1. My wife and I have had many dates on our Rans Screamer tandem bike. By far the most interesting was in July, 2010. As typical, we rode down to the La Crosse Riverfest on our tandem to take advantage of DRBC’s bike valet and to enjoy the night air. The music was playing and the beer flowing with many friends attending. We were enjoying a conversatation wiht the Festival Commodore when the Chief of Police walked up and stated that they were shutting down the fest grounds due to an approaching storm. Based on this information, we thought it wise to head for home. We were about half-way home to Onalaska when the storm hit. It was quite a doozy complete with the flash from transformers due to downed power lines. Honestly, we thought that we might be riding into a tornado! At one point, I started to turn the bike around which caused my wife to exclaim, “what are you doing, our kids are on the other side of that dust cloud!” We pressed on, the storm eased and soon we arrived home. As we were riding down our street we passed our neighbors who were sitting on their front porch watching the passing storm. They asked us if we had an enjoyable ride. Our answer, “Oh yes!”

  2. My bride-to-be had a surprise wedding cake couple on a tandem.Took us a year,saved up for a spanking new Motobecane aka “Rawhide” .Years later the reality of an impending divorce hit home when we/I sold it.ouch.

  3. Dave, I wrote the earlier post while taking a shuttle home from the MSP airport. I showed my wife the post when I arrived home and she reminded me that we had a much more interesting weather related ride in 2008 on our beloved Screamer. This time, we were on a ride from Lake City, MN to Cannon Falls, MN. We stopped in Red Wing for some lunch and to replace a bulging front tire on the Screamer. We were over-nighting in Cannon Falls and stopped at a sporting goods store in Red Wing to purchase a swimming suit (I forgot to bring mine). While at the store, the manger told us that we had to leave or join them in the back room due to tornado warnings in the area. My wife, the Screamer and I joined the two employees in the back room. It was quite a storm! About 30 minutes later, we departed on the trail to Welch Village. Soon we encountered leaves and twigs on the trail, followed by branches and then we were lifting the bike over fallen trees. At Welch Village, the trail was completely closed. Trees were down everwhere. We continued our treck to Cannon Falls on local roads where we encountered a youth group that came walking up to us with inner tubes in hand. They had been tubing down the Cannon River when the storm struck. They didn’t seem any worse for wear. Can’t say the same for the chaperones. They looked a little freaked out. It took us a couple of hours to find open roads and make our way to Cannon Falls. On the way, we passed field irrigation systems that had been knocked over by the wind and corn that had been flattened. Quite a gale. We have enjoyed many non-meteorological rides on our tandem, but the memory of these two will be with us always.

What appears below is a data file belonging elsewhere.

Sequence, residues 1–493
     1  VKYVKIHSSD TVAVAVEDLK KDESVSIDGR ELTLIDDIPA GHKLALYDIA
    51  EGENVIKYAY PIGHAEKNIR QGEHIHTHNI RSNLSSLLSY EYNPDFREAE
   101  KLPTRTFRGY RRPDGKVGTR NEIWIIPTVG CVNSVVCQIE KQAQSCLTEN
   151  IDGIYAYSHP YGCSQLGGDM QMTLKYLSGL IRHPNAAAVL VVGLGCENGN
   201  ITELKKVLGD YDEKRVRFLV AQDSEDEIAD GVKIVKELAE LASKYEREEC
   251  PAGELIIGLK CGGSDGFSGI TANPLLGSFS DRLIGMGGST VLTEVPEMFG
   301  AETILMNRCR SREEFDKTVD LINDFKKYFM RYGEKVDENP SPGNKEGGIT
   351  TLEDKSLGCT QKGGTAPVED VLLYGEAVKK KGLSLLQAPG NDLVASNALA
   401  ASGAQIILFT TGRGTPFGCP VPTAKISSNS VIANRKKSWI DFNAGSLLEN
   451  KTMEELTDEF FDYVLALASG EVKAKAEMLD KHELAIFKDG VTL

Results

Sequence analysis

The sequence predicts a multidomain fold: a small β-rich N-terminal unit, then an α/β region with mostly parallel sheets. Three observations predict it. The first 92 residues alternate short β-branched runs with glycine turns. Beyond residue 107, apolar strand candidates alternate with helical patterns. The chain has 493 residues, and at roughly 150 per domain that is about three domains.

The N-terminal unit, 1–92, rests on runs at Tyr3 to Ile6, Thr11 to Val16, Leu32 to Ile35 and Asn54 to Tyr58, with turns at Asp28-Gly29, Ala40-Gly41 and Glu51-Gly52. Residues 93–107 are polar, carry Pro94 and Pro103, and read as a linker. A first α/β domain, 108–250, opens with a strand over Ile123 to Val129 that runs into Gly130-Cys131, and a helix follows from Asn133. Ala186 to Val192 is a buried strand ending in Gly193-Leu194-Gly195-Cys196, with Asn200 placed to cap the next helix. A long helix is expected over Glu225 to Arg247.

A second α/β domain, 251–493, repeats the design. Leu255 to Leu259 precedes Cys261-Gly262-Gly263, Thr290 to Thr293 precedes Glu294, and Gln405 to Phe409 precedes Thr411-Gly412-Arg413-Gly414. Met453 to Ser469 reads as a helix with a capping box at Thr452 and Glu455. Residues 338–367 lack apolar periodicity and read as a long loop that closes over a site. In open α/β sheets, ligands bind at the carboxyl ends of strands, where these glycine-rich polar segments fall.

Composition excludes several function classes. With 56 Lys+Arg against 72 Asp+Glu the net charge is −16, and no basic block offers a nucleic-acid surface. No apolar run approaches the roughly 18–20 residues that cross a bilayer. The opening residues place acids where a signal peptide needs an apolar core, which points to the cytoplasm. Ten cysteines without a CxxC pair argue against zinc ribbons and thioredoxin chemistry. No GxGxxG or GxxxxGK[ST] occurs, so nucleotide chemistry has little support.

4. Two wheels and four legs
    Pedaling the road of life
    Loving and living

    Two wheels and two hearts
    Pedaling as one being
    Captain and stoker

    Stoker rides with me
    On the bike and all through life
    Love is the reason